DO we have another week or so to go before the “sentence” ends? Or would it be more days and weeks in confinement? Either way, at its best, life is in…

DO we have another week or so to go before the sentence ends? Or would it be more days and weeks in confinement? Either way, at its best, life is indeed unpredictable, so let us be prepared for the best or the worst.
One thing I noticed is there are as many people who may have lost weight during the lockdown as there are those who may have gained the spare kilos.
For those of us who are able to resist the munching syndrome and start healthy eating habits with creative ways of working out, it may have been easier to shed weight.
We also have those who never enjoyed working out, and this season is an excuse and reason to go bone idle.
None of us can claim ignorance on the importance of exercising as the literature on how important moving your muscles and body to a healthy body and mind is easily available.
I recently heard a heart specialist speaking about the transformative effects of exercising to the brain.
With repeated assertions that there is scientific evidence on the immediate effect of exercise on the brains neuro transmitters such as serotonin and dopamine, which are the anti-stress and happiness hormones respectively, working out is not an option any more.
Additionally, we would have heard the often-used quote that the difference between an ordinary person and a great one is the level and quality of attention and focus, and in this context, exercise plays a central role.
Having said that, it is no coincidence that when a wave of Covid-19 hit the world, a mere observation in the US found a tragic pattern, many of them who ended up on ventilators had the same attribute of obesity, and these are otherwise healthy, hard-working people.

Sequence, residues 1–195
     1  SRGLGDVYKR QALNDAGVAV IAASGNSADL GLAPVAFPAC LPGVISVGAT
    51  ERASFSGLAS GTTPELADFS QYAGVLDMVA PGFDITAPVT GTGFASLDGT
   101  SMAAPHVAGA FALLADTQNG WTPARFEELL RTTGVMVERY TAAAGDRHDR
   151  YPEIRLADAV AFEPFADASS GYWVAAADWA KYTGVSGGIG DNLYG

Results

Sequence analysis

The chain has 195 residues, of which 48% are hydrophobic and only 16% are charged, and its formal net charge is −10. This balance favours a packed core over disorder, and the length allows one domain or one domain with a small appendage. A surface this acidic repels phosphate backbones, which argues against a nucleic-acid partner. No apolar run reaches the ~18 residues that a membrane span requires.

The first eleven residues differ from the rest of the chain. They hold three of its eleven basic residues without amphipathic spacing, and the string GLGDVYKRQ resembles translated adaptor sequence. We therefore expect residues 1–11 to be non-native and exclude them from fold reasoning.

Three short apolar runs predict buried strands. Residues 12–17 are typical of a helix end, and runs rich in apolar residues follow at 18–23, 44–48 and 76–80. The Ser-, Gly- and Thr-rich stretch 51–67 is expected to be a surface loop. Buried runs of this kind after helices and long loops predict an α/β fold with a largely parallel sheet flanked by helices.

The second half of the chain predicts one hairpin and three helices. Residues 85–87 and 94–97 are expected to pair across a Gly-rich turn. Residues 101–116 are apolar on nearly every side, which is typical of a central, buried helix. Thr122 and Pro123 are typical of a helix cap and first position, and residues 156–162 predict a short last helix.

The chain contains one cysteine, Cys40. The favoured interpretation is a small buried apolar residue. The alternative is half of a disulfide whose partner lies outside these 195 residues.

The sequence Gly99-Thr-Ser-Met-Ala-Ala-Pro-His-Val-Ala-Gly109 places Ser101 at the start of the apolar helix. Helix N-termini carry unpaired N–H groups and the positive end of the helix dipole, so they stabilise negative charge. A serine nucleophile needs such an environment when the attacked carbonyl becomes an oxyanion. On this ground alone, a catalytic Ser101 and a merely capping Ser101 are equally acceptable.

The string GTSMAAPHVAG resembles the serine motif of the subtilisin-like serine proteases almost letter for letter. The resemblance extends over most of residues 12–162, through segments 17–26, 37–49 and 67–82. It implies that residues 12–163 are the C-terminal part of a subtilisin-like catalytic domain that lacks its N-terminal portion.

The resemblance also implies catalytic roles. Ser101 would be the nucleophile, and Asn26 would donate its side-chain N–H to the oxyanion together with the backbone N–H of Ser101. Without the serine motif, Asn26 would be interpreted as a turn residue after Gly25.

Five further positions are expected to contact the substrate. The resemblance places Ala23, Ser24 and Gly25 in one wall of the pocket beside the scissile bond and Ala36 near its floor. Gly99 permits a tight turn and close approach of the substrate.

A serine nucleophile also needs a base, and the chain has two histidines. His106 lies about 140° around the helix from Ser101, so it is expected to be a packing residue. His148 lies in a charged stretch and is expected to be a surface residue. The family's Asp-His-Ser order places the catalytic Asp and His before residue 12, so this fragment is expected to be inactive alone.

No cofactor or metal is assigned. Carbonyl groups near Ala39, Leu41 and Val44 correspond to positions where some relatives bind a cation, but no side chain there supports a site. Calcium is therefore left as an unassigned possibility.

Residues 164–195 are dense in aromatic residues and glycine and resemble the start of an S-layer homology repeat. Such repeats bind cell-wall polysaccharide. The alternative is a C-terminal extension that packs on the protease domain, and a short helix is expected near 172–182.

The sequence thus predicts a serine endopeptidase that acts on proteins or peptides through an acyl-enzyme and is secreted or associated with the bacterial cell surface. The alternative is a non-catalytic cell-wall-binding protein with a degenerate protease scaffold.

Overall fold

Since the pandemic began, dozens of studies have reported that many of the sickest Covid-19 patients had been people with obesity.
In recent weeks, that link has come into sharper focus as large new population studies have confirmed the association and demonstrated that even people who are merely overweight are at higher risk.
A recent study done by Americas Centres for Disease Control and Prevention (CDC) revealed a startling metric: 78% of people who have been hospitalised, needed a ventilator or died from Covid-19 in the US were overweight or obese.
The US is one of the countries hardest hit by Covid-19. It is also a country with staggering obesity rates. According to CDC, 42% of the US population was obese in 2018. Around two-thirds of the US population is overweight.
Obesity is defined as a BMI (body mass index) of over 30. Being overweight is having a BMI over 25. Your BMI can be derived by dividing your weight in kilos by the square of your height in metres.
BMI is not a perfect measure but is still a useful, simple and universally-accepted benchmark and indicator.
Excess weight has always been associated with medical risks, such as cardiac disease, diabetes, high blood pressure, joint issues and stroke.
Now, health experts are adding Covid-19 to the list as well. However, while we recommended global lockdowns, mask mandates and social distancing, we have not made it obvious or a call loud enough to people on the need to shed the extra weight.
Let us be reminded that obesity is not unique to America.
The National Health and Morbidity Survey 2019 findings in Malaysia, meanwhile, showed that 50.1% of adults in Malaysia were either overweight or obese, 30.4% were overweight and 19.7% obese. It would be safe to assume that obesity may have increased in the last year or so with severe restriction placed on many of our activities.
While we see the regulars, who are into workout and consider it as a daily ritual, those who were yet to get into the routine find it difficult to sustain their interest.
Then, we also have people who look for a companion to get started and keep going, which can be a greater detriment to stay constant.
For those who equate exercising to just weight loss, the likelihood of the interest fizzling out is much higher. There are countless benefits other than weight loss to exercising, including healthy bones, immunity boost, improved mood, increased energy levels and stamina, better sleep, improved memory etc.
With all these which are so obvious and scientifically proven, and when exercising can be as simple as putting on your shoes and start walking, why wait?